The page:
mintedJOY: Gift Giving Platform for Kids

A gift giving platform for parents, grandparents, aunts and uncles to gift experiences instead of toys for kids


I had just become interested in minimalism, and my nieces and nephews just had loads of toys every year that they never played with and barely remembered.

Any had been giving great gifts of experiences for our nieces for the last few years and loved figuring out different experiences for different ages and kids interested.

Amy, Erin, and I (the same team from Canopi) set off to make a side business out of Amy’s ideas.

We created a website in a weekend, spent a few hundred dollars to advertise it and saw how many people signed up (we got about a dozen) and then started creating ideas for them to see if the process would work.

We sent 3 ideas for each kid for their birthday or Christmas and then wanted to see how many people would follow through with those ideas.

Many buyers of experiences wanted more than just the ideas, they wanted us to make the appointments, and then give them how the day should go.


Children’s gifts


October 2016 - Dec 2016

How did it work out?

We landed on a $49 per year business model for access to a database of ideas, as well as 3 personalized ideas per kid.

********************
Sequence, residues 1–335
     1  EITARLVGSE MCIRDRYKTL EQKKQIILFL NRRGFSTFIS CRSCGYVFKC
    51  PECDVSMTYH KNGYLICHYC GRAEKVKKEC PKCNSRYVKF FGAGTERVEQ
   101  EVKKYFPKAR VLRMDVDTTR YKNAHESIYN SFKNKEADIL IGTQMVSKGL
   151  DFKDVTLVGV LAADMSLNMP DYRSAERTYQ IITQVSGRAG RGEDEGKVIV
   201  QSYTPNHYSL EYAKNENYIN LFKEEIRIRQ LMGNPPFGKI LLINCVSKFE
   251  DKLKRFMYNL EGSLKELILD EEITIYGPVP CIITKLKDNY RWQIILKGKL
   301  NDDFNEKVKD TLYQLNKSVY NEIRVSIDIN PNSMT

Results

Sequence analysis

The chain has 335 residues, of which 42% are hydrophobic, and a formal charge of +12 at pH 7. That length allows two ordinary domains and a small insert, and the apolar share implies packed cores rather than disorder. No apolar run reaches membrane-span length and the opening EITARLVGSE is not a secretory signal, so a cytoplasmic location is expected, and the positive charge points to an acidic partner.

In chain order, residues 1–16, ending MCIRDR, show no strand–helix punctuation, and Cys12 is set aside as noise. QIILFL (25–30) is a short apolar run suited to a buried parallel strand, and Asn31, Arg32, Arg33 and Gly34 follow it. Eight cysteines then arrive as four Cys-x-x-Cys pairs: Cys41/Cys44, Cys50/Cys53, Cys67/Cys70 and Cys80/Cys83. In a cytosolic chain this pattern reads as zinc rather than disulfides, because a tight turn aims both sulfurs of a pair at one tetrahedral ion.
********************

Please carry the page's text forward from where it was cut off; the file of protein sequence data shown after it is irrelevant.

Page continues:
With that pricing we spent a hundred more dollars on advertising to see if anyone would buy and no one besides family did.

We didn’t want to build the relationships with vendors to take a portion of the profit and the generalized ideas better served as a blog posts and monetizing via ads.

We weren’t interested in building that business and audience, so we shut it down.

What did you learn

We were way faster at invalidating the idea than the first time we built something

We built a marketing site in a weekend, and within 6 weeks we had a business model and could fully execute on the operations of the business. We could deliver what we were selling.

Giving physical gifts is too easy

Most people don’t plan well and even fewer execute on good ideas. It’s easier to pick something up at Target on the way to the party.

Value in the value chain

We provided the stimulus but weren’t fully executing on the promise of delivering a gift to the child. There were too many points of failure. And people didn’t want to pay us for ideas.

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